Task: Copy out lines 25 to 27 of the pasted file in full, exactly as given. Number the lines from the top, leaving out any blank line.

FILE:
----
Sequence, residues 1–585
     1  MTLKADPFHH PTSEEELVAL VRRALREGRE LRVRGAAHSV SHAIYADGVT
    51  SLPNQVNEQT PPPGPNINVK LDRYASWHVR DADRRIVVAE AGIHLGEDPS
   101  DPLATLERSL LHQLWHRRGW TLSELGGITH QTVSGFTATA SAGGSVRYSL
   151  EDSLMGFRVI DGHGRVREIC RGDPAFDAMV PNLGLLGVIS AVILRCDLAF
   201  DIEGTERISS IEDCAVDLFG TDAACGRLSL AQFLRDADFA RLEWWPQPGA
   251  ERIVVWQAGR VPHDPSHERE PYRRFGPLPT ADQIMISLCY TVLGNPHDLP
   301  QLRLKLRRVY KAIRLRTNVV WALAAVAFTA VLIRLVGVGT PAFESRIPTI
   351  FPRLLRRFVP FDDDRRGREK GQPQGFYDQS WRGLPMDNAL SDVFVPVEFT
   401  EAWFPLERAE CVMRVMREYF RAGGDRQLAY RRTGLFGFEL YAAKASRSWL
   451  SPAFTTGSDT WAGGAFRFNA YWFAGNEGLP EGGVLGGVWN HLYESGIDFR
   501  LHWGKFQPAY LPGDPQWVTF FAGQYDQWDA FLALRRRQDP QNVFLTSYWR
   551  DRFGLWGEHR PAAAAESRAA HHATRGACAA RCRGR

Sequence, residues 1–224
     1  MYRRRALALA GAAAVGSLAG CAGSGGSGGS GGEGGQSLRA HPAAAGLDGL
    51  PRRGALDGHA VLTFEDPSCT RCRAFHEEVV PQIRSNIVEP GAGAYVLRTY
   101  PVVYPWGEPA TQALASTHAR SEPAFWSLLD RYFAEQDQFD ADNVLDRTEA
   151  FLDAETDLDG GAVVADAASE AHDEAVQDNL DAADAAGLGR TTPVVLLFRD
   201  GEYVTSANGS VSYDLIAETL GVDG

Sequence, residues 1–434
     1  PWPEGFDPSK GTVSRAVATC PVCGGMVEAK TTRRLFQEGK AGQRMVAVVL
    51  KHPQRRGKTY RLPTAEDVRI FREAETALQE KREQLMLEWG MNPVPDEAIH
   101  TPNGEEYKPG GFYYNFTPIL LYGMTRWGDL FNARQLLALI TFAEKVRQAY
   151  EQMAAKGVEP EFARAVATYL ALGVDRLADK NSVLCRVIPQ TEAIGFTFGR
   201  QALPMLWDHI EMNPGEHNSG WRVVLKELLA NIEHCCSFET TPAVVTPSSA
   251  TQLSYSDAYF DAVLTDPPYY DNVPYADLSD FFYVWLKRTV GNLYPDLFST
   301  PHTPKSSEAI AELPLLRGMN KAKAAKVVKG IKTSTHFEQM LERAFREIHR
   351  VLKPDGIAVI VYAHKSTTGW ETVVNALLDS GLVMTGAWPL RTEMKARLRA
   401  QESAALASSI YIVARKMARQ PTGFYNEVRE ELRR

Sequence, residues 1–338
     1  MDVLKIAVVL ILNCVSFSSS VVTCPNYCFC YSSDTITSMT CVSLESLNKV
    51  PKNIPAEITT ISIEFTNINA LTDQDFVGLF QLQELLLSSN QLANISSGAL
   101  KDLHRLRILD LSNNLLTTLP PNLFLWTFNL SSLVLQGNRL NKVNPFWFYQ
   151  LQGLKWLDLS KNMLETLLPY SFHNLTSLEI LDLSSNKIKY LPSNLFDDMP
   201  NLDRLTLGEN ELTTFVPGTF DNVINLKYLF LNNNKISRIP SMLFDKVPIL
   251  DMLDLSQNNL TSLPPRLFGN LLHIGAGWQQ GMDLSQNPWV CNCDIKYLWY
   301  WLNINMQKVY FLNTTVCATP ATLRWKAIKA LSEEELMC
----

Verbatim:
   201  QALPMLWDHI EMNPGEHNSG WRVVLKELLA NIEHCCSFET TPAVVTPSSA
   251  TQLSYSDAYF DAVLTDPPYY DNVPYADLSD FFYVWLKRTV GNLYPDLFST
   301  PHTPKSSEAI AELPLLRGMN KAKAAKVVKG IKTSTHFEQM LERAFREIHR